identify areas that could raise national security concerns, and now
    include acquisitions of Canadian businesses involved in producing
    critical minerals.

Critical minerals are viewed as those that are: essential to the
economy of Canada and its allies; and whose supply may be at risk
due to geological scarcity, geopolitical issues, trade policy or
other factors2. A
key concern is with market dominance by suppliers that are state
owned enterprises and the risk of politically motivated supply
disruption. Canada is not alone in expressing concerns of this
nature3.

Investment Canada Act reviews

Under the Investment Canada Act (ICA), the
government has discretion to review virtually any foreign
investment on the grounds it could be “injurious to
Canada’s national security.” The review jurisdiction is
broad and covers mining businesses with part of their operations in
Canada, even if mines themselves are located overseas.

To date, national security reviews have tended to focus on
Chinese investments involving sensitive technology, critical
infrastructure or personal data. Mining has not been an area of
significant concern under the ICA.

Acquisitions of Canadian-listed mining companies, even by
Chinese investors, have generally been viewed as non-problematic.
For example, Zijin Mining’s acquisition of Nevsun Resources,
Continental Gold and Guyana Goldfields in 2018, 2019 and 2020 and
Endeavour Mining’s acquisition of SEMAFO in 2020 were all
approved under the ICA. Nevsun was involved in critical mineral,
copper, although its acquisition pre-dates the identification of
copper as a critical mineral in March 2021.

The only mining transaction blocked on national security grounds
was Shangdong Gold’s proposed acquisition of TMAC in 2020. But
that investment was likely blocked because of TMAC’s strategic
location and other factors, not its gold mining operations. (Gold
is not on the critical minerals list.)

Other mining-rich countries have also started to scrutinize more
closely Chinese investments in the mining industry. Notably, the
Australian government blocked two proposed investments by Chinese
entities related to critical minerals in 20204.

Practical implications

The vast majority of mining investments will continue to receive
ordinary course approvals under the ICA. However, this new policy
highlights that some investments are likely to face significant
scrutiny.

The highest-risk investments will involve proposed Chinese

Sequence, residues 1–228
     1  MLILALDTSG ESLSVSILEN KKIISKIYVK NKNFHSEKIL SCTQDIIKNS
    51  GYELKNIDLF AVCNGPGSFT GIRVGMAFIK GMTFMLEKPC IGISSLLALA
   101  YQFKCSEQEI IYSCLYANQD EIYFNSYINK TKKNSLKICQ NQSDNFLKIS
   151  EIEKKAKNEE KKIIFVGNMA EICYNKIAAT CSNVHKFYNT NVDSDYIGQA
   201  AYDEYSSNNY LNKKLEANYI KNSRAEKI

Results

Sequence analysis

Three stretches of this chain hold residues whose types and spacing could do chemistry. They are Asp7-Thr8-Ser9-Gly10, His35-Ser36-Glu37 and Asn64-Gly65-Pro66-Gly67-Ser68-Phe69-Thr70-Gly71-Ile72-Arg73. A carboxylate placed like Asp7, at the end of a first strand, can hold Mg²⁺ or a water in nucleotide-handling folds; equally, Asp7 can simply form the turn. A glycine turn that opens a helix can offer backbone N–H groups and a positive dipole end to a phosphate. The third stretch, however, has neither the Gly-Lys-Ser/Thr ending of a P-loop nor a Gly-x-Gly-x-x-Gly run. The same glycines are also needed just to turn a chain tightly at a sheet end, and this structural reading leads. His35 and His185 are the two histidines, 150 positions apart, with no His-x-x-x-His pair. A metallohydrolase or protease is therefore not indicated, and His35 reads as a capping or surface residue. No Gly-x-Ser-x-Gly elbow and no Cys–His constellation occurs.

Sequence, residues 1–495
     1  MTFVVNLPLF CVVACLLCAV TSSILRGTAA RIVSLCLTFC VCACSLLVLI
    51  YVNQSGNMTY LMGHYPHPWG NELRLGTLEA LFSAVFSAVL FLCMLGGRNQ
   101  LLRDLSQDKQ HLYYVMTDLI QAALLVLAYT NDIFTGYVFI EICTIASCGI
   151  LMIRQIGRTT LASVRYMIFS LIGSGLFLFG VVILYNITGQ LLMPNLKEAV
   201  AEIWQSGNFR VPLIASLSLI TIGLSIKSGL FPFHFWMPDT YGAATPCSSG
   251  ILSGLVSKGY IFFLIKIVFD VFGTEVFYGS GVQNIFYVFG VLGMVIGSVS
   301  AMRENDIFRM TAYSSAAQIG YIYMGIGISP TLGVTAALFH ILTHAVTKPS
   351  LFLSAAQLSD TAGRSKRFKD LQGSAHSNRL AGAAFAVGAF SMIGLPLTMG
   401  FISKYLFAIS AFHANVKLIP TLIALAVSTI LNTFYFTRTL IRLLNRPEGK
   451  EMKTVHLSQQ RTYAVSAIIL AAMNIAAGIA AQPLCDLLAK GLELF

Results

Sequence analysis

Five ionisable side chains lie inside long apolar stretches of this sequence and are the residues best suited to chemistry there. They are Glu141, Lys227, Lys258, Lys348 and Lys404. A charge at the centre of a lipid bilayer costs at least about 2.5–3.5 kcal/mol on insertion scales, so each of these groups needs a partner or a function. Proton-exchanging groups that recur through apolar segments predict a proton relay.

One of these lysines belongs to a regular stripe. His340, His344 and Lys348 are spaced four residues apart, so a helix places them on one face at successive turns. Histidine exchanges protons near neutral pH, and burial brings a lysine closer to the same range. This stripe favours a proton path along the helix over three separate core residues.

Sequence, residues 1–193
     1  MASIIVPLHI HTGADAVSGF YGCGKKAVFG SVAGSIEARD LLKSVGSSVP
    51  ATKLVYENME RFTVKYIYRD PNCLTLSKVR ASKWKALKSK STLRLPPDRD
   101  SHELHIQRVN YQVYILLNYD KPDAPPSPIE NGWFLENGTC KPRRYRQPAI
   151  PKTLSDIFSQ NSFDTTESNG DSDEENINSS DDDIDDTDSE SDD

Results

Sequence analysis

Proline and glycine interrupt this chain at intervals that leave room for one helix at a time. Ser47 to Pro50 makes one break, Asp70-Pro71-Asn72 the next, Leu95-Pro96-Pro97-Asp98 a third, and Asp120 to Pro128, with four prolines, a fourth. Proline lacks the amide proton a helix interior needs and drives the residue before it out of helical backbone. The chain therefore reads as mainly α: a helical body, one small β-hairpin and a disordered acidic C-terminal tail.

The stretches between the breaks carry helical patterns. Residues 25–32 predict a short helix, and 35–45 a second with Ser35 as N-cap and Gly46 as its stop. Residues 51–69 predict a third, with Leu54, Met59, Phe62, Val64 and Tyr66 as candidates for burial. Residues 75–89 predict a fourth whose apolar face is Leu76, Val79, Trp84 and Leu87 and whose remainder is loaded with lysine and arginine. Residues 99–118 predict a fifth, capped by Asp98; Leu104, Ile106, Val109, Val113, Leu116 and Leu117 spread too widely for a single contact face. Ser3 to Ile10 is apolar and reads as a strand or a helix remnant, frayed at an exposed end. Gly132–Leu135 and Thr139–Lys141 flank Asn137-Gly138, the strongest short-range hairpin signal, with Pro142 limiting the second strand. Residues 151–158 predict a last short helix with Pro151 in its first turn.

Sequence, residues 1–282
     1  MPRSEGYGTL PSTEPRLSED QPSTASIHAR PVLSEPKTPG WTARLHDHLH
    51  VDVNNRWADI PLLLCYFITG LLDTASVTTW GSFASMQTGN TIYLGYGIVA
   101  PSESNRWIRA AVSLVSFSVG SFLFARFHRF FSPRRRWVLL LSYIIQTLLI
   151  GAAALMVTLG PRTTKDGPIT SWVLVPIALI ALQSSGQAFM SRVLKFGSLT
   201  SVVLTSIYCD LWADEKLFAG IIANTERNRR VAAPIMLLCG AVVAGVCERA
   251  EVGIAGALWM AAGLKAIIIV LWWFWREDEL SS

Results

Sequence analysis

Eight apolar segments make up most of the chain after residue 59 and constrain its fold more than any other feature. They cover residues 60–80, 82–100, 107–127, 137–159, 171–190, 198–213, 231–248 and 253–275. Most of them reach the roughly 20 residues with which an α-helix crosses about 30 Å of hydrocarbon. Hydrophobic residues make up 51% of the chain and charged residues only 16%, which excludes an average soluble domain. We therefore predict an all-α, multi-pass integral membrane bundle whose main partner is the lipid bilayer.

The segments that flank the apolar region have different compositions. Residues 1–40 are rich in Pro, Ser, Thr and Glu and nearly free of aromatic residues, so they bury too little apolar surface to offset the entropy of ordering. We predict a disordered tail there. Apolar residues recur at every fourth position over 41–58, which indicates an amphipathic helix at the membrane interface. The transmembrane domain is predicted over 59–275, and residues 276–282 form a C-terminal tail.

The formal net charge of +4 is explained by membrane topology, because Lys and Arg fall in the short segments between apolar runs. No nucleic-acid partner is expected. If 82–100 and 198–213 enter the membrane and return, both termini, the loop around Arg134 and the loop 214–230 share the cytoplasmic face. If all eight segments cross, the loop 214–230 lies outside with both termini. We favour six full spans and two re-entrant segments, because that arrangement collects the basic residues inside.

acquisitions of Canadian mining companies involved in the
production of critical minerals in Canada.

Lower-risk investments will involve proposed Chinese
acquisitions of Canadian-listed mining companies not involved in
critical minerals, where their assets are located outside Canada,
and/or where target businesses are not material producers of
critical minerals.

Non-Chinese investors should generally expect approvals to be
processed in the ordinary course. Indeed, an added consequence of a
more restrictive policy on Chinese investments will likely be
opportunities for non-Chinese investors and possibly in the
development of new and existing mineral projects in Canada.

Finally, when considering potential investments where national
security issues are expected to arise, investors and Canadian
businesses alike should engage counsel and government relations
advisors as early as possible in the transaction planning process
given the complex and evolving nature of the national security
review regime under the ICA.

Footnotes

1 The list comprises the following minerals: aluminum,
antimony, bismuth, cesium, chromium, cobalt, copper, fluorspar,
gallium, germanium, graphite, helium, indium, lithium, magnesium,
manganese, molybdenum, nickel, niobium, platinum group metals,
potash, rare earth elements, scandium, tantalum, tellurium, tin,
titanium, tungsten, uranium, vanadium, zinc.

2 A Canada-U.S. Joint Action Plan on Critical Minerals
Collaboration
, released in January 2020, which aims to
facilitate development of secure supply chains for critical
minerals that are key to strategic industries such as defence,
aerospace and communications. Canada is considered to be
well-placed to supply the U.S. with many of the critical minerals
due to historically strong political and economic ties; a stable
political, economic and regulatory environment; an extensive
mineral endowment; and a robust metals and mining sector. Of the 35
critical metals identified by the U.S., Canada is a sizable
supplier of 13 of such minerals, including being the largest
supplier of potash, indium, aluminum and tellurium to the U.S. and
the second-largest supplier of niobium, tungsten and magnesium.
Canada also supplies approximately one quarter of the uranium needs
of the U.S.

3 Most notably the U.S., European Union, Japan, South
Korea and Australia.

4 These investments were: (1) Chinese state-owned steel
producer, Baogang Group Investment’s proposed A$20m investment
in Northern Minerals Limited; and (2) Chinese lithium chemical
producer, Yibin Tianyi Lithium Industry Co Ltd.’s proposed
A$14.1m investment in AVZ Minerals Limited.

The content of this article is intended to provide a general
guide to the subject matter. Specialist advice should be sought
about your specific circumstances.

Adblock test (Why?)



Source link

Continue Reading

Investment

Newcomer SageBlan backs up its belief in Montreal tourism with heavy investment – Montreal Gazette

Published

 on


The upstart hotel investment firm is betting an expected rebound in tourism in Quebec will generate big returns over the next decade.